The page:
(John 14:15-21) Whenever I read the Gospels, I try to put myself in the scene, to imagine what it would have felt like to be there. Reading today’s Gospel, I couldn’t help but think how confused the disciples must have been by Jesus’ words. I’m sure they wondered how they could possibly continue to see Him after He was gone, when He was no longer visible to the world.
They loved Jesus and had given up everything to follow Him. They had come to depend on Him – for His friendship, teaching, and example. How would they carry on without Him, much less know what God was asking of them? Jesus understood that their hearts were troubled and that His hour would soon be upon Him. Knowing that He couldn’t remain with them forever, at least not bodily, He nevertheless wanted to strengthen and console them. Yet what He offered was no mere consolation prize!
When His days on earth were over, Jesus would still be with them, but in a much different way. He had no intention of leaving them to figure it our on their own, promising instead to send “another Counsellor” in His place: His very Spirit dwelling within them. He said, “I will not leave you desolate; I will come to you” (Jn 14:18). For Christians, the role of the Holy Spirit, the third person of the Trinity, is significant, for He guides, teaches, and opens us up to the grace of God in our souls. Without the Holy Spirit, we couldn’t begin to plumb the depths of our faith – those realities that don’t necessarily defy human logic, but transcend it. One of the Early Church Fathers described it in this way:
“We receive the Spirit of truth so that we can know the things of God. In order to grasp this, consider how useless the faculties of the human body would become if they were denied their exercise. Our eyes cannot fulfill their task without lights, either natural or artificial; our ears cannot react without sound vibrations, and in the absence of any odor our nostrils are ignorant of their function. Not that these senses would lose their own nature if they were not used; rather, they demand objects of experience in order to function. It is the same with the human soul. Unless it absorbs the gift of the Spirit through faith, the mind has the ability to know God but lacks the light necessary for that knowledge.”1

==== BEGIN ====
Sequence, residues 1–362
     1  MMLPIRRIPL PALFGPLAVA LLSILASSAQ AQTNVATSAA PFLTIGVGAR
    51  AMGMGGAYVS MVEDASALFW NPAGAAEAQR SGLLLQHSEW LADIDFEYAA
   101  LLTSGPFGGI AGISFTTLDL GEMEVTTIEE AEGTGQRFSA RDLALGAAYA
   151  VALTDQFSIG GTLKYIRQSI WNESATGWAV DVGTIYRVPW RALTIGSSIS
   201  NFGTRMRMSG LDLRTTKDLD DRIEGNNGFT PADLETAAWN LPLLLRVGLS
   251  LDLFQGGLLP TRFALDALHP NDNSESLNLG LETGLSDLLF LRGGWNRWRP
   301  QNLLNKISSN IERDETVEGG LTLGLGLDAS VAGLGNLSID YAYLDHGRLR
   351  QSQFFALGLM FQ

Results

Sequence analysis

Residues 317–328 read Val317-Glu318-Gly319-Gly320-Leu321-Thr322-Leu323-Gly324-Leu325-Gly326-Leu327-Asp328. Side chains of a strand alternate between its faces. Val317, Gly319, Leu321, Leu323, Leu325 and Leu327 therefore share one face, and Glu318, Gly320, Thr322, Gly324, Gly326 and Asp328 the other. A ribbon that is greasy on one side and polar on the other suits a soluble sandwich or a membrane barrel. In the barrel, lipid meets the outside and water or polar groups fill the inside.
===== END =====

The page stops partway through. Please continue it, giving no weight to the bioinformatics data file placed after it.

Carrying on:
As His disciples, Jesus offers this gift to us too through the sacraments of the Church. Beginning with baptism, we receive the Holy Spirit through the laying on of hands and anointing with oil.2 We come to experience this “quiet guest of our soul,”3 in many ways – as the still, small voice of conscience, through Scripture, in the words of the priest and our Holy Father, and many other means.4 Amazingly, the Spirit of God himself comes to dwell within us, and by this gift we not only know what we have to do, but have been given the power to do it.5 We can see Him with the eyes of our hearts and trust that He is alive and at work within us, leading and guiding us into the way of all truth.
– Kelley Holy
1From the treatise On the Trinity by Saint Hilary, bishop
(Lib. 2, 1, 33. 35: PL 10, 50-51. 73-75).
2 Youcat: Youth Catechism of the Catholic Church, 115.
3 St. Augustine’s description of the Holy Spirit, Ibid, 120.
5 Youcat, 203.